Barclay Damon
Barclay Damon

Legal Alert

NYS Authorities Budget Office Releases Policy Guidance on Grants and Loans by State and Local Authorities

The Policy Guidance

This week the New York State Authorities Budget Office (the “ABO”) issued Policy Guidance No. 15-01 (the “Policy Guidance”) regarding restrictions on grants and loans made by public authorities with their own funds.

In the Policy Guidance, the ABO states that (1) industrial development agencies (“IDAs”) may not award grants or make loans under any circumstances; and (2) other local authorities (including local development corporations and land banks) may not award grants or make loans of the authority’s own funds unless expressly permitted by its enabling statute.

The ABO was created under the Public Authorities Accountability Act of 2005 for the stated purpose of making public authorities in New York more accountable and transparent. In 2009, the Public Authorities Reform Act reestablished the ABO as an independent office in the New York State Department of State. The ABO’s powers and duties as set forth in the Public Authorities Law include review and analysis of operations and practices of state and local authorities to assess compliance with the Public Authorities Law and other applicable law.

In the Policy Guidance, the ABO refers to a 2014 New York State Attorney General (“AG”) opinion that concluded that the enabling statutes of IDAs do not specifically authorize IDAs to make grants or loans of their own money to any type of entity and that the AG’s office does not believe that such activities are necessary for an IDA to exercise its express powers. The AG opinion concludes that an IDA may not make grants or loans from its own monies. The ABO notes that the AG opinion was consistent with prior opinions by the Office of the State Comptroller.

The ABO directs all state and local authorities that grant or loan their monies without specific legislative authority to immediately end such practice.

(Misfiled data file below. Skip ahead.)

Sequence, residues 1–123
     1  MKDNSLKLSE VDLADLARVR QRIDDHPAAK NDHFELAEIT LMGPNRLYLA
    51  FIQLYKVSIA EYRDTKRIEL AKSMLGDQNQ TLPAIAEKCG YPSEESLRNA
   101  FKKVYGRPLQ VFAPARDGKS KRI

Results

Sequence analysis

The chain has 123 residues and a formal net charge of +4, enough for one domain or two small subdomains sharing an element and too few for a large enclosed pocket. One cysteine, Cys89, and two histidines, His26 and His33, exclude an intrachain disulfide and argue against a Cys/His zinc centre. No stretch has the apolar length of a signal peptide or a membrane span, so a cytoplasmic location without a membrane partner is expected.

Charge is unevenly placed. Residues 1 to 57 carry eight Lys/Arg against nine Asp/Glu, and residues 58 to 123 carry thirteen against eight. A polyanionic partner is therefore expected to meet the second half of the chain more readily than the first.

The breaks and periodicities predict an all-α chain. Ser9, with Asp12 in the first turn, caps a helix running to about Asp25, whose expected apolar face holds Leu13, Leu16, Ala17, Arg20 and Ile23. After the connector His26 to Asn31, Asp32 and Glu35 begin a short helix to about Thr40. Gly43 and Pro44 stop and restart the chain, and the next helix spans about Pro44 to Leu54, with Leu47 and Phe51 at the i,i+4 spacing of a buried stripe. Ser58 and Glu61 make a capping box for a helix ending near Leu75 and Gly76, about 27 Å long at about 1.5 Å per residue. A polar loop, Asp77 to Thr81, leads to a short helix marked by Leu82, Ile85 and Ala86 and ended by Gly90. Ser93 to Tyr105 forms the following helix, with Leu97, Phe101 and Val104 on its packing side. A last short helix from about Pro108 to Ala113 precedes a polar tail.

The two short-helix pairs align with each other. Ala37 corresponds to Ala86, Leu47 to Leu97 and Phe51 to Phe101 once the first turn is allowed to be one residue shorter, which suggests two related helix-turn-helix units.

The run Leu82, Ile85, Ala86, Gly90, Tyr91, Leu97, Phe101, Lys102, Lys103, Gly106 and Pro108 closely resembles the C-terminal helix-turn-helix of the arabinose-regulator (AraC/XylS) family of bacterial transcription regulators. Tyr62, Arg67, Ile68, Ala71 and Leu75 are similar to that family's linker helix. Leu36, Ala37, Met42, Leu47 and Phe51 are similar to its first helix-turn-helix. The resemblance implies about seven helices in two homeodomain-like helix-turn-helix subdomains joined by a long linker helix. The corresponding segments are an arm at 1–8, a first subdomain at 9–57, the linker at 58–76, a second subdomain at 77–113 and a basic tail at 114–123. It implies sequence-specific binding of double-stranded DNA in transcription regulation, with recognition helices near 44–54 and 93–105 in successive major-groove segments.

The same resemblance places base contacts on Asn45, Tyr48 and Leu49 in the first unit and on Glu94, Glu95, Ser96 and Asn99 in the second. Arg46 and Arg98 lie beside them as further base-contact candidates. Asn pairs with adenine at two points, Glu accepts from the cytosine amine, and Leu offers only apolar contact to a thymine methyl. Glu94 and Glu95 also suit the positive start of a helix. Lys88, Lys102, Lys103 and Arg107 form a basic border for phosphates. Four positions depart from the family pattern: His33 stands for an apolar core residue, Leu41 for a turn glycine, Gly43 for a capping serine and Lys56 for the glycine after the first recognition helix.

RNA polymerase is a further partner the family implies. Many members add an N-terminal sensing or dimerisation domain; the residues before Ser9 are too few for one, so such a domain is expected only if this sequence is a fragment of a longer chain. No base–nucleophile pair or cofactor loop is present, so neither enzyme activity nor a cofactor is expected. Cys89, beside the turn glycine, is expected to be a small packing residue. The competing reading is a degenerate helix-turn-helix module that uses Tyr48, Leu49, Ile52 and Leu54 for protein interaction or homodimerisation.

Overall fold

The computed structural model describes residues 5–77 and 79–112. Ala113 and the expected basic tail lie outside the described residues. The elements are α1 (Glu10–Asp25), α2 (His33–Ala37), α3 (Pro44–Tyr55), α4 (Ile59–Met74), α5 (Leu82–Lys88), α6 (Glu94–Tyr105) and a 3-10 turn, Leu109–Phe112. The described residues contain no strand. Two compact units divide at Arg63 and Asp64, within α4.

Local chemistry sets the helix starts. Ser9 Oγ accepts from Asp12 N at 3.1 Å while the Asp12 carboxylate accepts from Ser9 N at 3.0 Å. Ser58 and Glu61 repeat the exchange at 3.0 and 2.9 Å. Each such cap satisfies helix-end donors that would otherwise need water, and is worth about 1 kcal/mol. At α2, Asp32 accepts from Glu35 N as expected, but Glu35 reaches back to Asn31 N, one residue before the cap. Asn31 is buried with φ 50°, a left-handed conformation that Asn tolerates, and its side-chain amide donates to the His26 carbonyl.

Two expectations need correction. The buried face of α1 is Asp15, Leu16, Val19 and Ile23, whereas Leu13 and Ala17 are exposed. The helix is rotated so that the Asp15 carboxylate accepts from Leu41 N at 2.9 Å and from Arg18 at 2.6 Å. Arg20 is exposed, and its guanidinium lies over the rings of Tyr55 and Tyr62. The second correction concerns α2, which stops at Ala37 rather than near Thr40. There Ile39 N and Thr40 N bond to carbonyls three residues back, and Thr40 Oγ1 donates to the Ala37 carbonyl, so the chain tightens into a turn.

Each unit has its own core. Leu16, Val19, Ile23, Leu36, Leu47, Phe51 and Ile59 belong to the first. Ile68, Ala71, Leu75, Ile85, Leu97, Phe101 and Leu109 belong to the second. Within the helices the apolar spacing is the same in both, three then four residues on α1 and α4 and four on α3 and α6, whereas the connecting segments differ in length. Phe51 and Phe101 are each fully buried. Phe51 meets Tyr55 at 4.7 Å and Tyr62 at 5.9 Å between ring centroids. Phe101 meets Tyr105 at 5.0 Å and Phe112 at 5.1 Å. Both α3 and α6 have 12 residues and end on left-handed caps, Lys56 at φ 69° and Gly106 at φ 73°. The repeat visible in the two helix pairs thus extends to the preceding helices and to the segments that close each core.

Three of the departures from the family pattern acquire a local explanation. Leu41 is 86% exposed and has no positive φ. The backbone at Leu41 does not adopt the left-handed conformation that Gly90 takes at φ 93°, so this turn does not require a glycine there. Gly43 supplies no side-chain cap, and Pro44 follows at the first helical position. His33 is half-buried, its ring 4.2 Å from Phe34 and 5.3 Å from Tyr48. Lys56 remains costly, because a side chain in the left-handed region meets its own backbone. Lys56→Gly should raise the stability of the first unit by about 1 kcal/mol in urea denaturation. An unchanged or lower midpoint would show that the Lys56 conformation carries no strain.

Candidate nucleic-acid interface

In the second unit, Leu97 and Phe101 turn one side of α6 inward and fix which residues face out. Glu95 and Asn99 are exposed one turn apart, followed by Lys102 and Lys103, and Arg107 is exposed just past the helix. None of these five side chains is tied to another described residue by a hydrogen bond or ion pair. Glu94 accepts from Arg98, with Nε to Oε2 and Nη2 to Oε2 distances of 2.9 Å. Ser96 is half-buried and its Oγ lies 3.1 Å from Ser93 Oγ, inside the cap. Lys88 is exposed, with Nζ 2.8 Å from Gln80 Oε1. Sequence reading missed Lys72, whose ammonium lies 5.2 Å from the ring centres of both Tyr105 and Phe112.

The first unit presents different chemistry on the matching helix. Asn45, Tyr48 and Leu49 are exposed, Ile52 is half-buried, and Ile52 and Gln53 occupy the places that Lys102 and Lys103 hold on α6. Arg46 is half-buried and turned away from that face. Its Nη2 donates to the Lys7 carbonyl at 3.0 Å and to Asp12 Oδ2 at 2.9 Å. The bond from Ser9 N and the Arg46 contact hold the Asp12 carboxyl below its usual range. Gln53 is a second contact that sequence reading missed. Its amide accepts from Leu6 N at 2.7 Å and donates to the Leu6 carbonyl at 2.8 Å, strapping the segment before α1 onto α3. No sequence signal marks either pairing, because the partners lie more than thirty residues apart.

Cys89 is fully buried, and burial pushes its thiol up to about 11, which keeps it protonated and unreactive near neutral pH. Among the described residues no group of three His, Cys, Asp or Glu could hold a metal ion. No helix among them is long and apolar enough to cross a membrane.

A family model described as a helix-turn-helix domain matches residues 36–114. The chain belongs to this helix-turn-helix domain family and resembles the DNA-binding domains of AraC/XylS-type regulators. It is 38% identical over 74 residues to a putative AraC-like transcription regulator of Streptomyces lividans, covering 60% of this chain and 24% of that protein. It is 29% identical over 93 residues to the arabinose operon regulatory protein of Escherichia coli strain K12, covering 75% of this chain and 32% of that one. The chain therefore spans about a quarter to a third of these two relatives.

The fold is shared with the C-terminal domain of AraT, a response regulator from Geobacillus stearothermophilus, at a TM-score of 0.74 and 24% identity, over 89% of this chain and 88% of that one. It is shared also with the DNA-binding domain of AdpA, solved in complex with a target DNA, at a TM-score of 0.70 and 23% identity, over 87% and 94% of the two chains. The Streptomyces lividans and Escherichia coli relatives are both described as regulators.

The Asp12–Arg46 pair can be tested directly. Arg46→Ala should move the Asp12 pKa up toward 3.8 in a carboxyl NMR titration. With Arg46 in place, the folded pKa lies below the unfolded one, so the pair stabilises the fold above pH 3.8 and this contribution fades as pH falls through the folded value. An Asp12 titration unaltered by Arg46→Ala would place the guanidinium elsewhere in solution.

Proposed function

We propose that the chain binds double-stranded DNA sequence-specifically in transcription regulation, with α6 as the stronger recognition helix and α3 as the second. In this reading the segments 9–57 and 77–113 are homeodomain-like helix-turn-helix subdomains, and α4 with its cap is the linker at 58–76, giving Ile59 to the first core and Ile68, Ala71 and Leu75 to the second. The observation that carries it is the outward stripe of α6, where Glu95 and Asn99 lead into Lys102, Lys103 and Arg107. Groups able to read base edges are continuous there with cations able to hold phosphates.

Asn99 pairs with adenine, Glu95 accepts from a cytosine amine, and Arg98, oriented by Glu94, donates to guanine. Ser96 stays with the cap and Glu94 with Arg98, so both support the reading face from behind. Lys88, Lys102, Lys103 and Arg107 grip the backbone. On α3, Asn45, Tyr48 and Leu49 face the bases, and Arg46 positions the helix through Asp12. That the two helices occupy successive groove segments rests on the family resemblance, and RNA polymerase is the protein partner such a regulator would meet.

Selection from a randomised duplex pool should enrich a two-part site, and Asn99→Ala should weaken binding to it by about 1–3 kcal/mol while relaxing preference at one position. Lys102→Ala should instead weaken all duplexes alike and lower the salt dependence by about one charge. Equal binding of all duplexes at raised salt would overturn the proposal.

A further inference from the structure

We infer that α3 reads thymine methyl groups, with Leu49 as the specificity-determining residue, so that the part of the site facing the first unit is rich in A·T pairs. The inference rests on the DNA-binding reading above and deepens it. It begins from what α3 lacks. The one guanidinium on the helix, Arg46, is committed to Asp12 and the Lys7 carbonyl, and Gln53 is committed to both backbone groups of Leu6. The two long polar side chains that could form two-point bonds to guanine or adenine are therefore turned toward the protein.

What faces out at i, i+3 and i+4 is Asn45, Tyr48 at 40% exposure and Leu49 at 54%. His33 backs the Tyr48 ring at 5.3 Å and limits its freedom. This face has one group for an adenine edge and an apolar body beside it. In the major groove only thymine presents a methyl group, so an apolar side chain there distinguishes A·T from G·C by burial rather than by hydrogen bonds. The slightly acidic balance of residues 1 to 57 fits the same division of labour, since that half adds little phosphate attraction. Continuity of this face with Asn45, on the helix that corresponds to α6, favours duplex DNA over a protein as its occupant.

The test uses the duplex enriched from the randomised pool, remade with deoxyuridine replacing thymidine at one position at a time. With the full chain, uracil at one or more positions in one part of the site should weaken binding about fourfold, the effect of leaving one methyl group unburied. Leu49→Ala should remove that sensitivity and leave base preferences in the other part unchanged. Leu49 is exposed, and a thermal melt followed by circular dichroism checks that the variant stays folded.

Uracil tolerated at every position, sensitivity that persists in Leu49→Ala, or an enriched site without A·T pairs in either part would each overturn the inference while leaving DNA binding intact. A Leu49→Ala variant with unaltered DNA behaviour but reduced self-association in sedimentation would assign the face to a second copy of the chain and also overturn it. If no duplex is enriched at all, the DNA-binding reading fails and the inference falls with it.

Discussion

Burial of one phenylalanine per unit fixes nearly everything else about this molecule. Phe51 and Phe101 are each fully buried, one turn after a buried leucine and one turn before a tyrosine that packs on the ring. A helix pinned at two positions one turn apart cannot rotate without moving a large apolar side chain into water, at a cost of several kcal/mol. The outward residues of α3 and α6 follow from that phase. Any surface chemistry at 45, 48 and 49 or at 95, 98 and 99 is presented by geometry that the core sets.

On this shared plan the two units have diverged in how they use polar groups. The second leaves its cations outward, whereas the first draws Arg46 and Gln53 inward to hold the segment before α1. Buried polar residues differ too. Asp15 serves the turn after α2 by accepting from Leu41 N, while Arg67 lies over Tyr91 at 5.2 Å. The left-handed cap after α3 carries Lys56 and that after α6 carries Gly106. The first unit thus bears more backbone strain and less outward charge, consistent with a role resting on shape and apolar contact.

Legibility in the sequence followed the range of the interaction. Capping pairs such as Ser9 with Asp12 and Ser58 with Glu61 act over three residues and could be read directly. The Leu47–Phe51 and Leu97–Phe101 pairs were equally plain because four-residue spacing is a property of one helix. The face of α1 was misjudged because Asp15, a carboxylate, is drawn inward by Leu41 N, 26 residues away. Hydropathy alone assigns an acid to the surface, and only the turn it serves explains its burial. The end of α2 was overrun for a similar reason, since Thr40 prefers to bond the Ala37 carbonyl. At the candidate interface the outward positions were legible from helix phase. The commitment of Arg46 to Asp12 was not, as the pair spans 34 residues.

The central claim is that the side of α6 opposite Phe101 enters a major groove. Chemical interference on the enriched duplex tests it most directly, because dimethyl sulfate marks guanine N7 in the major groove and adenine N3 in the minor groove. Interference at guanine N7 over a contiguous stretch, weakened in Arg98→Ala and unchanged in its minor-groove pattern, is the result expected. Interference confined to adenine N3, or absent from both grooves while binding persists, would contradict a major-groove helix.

The Policy Guidance does not cite any statutory authority for the ABO to direct the fiscal, programmatic and business practices of state or local authorities or to interpret applicable law. The enforcement powers of the ABO are narrow. The relevant powers conferred to the ABO under Public Authorities Law Section 6(2) include:

  1. Initiate formal investigations in response to complaints or appearance of non-compliance;
  2. Issue subpoenas pertaining to investigations;
  3. Publicly warn and censure authorities;
  4. Recommend dismissal of board members or officers to appointing entities;
  5. Report suspected criminal activity to the Attorney General;
  6. Compel a non-complying authority to provide a detailed explanation of the failure to comply with Public Authorities Law; and
  7. Seek an order in the State Supreme Court to require an authority to provide information to the ABO, where such authority has not provided such information upon the ABO’s request.

Conclusion

The legal authority of the ABO to interpret law and to direct fiscal, business and programmatic activities of state or local authorities is unclear. What is clear, however, is that the ABO has determined that all state and local authorities may not grant or loan their own monies without specific legislative authority and that any state or local authority engaged in such programming should immediately cease and desist or be subject to the ABO’s powers described above, including the power to compel an explanation of non-compliance, publicly censure authorities and recommend dismissal of board members.

If you have any questions with respect to your current policies or practices in light of this Policy Guidance or would like assistance in analyzing the Policy Guidance, please feel free to contact Connie Cahill at (518) 429-4296 or mcahill@hblaw.com, Garrett DeGraff at (518) 429-4235 or gdegraff@hblaw.com, Jean Everett at (202) 582-0601 or jeverett@hblaw.com, Susan Katzoff at (315) 425-2880 or skatzoff@hblaw.com, or Thomas O’Mara at (607) 398-3710 or tomara@hblaw.com.